Aired secrets, shredded cover-ups: the nagging urge to sort out a family’s twisted history and gloss its garbled narrative. The literature surrounding “Deacon’s Choice,” an independent film currently in production, suggests a deep preoccupation with voices and the stories they weave. Over the course of the film, the titular protagonist Deacon Shields will struggle to parse her past drug addiction and resist relapsing whilst defining herself against the dramas of her Councilman-father and the political world that bleeds into her own. Her entry into journalism and her day job as a CPS teacher both hint at an attempt to personally re-write reality, to change her world by teaching to it.
Shot largely on Chicago’s South Side, “Deacon’s Choice” becomes a small bullhorn for the area, tackling issues like local education and gang aggression. Screenwriter and producer Kenya Renee used the film’s geography as a resource in the film’s production. She reached out to involved community institutions like LISC Chicago, Team Englewood, and the Metropolitan Family Services, organized a series of internships for local high school students and has mobilized the victims of violence in a protest staged exclusively for the film.
Renee’s volunteer interns have been leveraging Facebook, Twitter, and Instagram to promote the coming film within their circles in anticipation of a late spring or early summer release. “I’ve seen the power of the teenager promoting something,” Renee remarked. “I’ve witnessed that.” Last summer, students helped develop her social media apparatus and started to test its abilities. The stock tactic was pasting posts to Facebook timelines. Interns packaged Renee’s information themselves, or simply blasted Reneeher pre-prepared releases.
Danielle Griffin, the social media intern and student at Mother McAuley Liberal Arts High School, emphasized that advertisements geared for teens needed to come from teens. “If a teenager’s doing it, [other teenagers] think it might be more interesting, and it opens up eyes.” Danielle estimates that her Facebook blasts via Renee’s front-end account circulate to several hundred people. Lakeisha Woods, a summer intern who currently attends Johnson College Prep, was initially skeptical of advertising outright. “Promoting? I never did that. I’m like, ‘Okay, what is so good about promoting?’” Continued work not only convinced her of the social media project, but of the film’s personal relevance. “I thought it was something good to speak out about,” she said. Earlier in the summer of 2013, Woods lost a friend to a gang related shooting.
Working for Renee and on the set of “Deacon’s Choice” put her in a unique position to help her friend’s mother. That August, preparations were underway to orchestrate a ‘Stop the Violence’ protest to feature in the film. “Because this was a Chicago film,” said Renee, “we wanted to show how violence affects many people: classmates, teachers, friends.” Lakeisha recalled how Renee had approached the staff: “She had told everybody that we would be protesting a couple of days before.” Renee encouraged them all to contact anybody they knew who had suffered from the real ill denounced in the staged rally. “Kenya told us if we had anybody…I could tell them about this.” They were heartily welcomed onto the set.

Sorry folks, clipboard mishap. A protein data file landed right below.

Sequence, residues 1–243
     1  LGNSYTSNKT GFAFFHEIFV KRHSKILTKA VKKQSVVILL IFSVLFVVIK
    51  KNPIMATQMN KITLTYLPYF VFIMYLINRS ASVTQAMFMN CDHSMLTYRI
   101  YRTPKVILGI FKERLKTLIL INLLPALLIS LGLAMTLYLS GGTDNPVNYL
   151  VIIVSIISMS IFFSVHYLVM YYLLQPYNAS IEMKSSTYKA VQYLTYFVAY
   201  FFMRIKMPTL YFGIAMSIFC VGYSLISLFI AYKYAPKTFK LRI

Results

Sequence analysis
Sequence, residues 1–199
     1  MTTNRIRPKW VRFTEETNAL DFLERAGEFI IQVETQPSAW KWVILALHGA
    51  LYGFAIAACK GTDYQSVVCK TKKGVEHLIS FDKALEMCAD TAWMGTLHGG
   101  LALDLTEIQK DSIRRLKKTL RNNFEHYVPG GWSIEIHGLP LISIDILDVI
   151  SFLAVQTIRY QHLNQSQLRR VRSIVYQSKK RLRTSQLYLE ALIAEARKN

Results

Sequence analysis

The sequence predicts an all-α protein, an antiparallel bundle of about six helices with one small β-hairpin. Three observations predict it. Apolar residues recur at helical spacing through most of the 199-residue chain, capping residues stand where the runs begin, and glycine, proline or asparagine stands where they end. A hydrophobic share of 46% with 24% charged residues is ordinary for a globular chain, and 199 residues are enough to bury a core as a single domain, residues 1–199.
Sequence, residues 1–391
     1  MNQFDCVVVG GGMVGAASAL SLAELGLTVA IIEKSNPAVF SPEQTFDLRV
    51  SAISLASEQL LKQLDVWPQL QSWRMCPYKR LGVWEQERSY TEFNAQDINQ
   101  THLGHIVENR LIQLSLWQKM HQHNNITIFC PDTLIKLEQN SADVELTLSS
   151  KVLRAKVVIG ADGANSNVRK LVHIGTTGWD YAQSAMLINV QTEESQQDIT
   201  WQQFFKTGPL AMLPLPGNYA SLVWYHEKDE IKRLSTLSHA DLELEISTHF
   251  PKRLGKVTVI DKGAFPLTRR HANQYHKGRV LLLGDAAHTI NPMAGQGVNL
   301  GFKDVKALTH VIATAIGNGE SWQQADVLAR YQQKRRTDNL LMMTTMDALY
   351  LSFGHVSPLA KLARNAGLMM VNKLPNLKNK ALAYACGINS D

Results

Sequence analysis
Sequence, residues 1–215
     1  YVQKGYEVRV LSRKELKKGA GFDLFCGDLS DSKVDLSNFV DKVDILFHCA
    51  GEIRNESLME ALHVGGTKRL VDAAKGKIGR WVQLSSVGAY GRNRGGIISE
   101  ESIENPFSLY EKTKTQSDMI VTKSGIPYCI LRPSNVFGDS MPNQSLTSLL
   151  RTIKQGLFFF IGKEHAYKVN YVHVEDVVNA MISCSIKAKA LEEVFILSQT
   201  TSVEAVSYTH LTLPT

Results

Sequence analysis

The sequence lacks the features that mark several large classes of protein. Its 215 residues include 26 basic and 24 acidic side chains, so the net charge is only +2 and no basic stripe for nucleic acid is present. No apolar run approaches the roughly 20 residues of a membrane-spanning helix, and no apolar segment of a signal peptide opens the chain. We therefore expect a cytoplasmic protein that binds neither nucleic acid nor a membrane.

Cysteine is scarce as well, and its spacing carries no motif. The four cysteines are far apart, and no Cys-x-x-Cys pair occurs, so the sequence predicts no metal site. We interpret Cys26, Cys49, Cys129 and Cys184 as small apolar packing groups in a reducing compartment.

Chicago Survivors—a group uniting family members who have’d lost their own in similar ways—showed up the day of the film shoot. Together, twelve affected motherms together joined the cast of extras. The rally itself was conducted in front of a memorial mural at the Kleo Center on East. Garfield and Michigan. The extras waved signs, made noise, and for all intents and purposes played the part. “We are so thankful to the moms,” said Renee. “It was a very touching filming day.”
The filmmaking techniques used in “Deacon’s Choice” follow themes of speaking up, of drafting a new world where public pain no longer hugs private matters. The staged rally exposed real outrages with close-striking impacts. It allowed them to be articulated in a new, productive way—, connecting victims in an artistic endeavor. This relationship closely shadows Deacon’s bid to find herself in the present and to concretely assert her own happiness. Renee’s confidence in her student interns reflects this insistent focus on unqualified goodness.
Renee remarked that many movies deliberately depict decrepit schools and that she instead wrote the classroom Deacon teaches as a better place. Danielle and Lakeisha’s internships were themselves quality narratives. Danielle felt she’d put her foot in the door, and had already started looking for contacts in the worlds of cinema and performance arts. (“I’m really…into acting and filmmaking.”) Lakeisha understands that she’ll need to promote herself, too. “I can make up flyers, or I can…call up people.”
Renee thinks that “the entire community can benefit from seeing homegrown…independent film.” And the small endeavors organized by “Deacon’s Choice” prove that the community also benefits from being included in that indie’s film’production. Their efforts have fostered new voices—letting students take control of a film company’s media trumpet, and giving local victims an event to rally around.
This story has been revised to reflect the following correction:
Correction: February 12, 2014
Due to an editing error, the Hawk Filmz photo accompanying this story was incorrectly identified.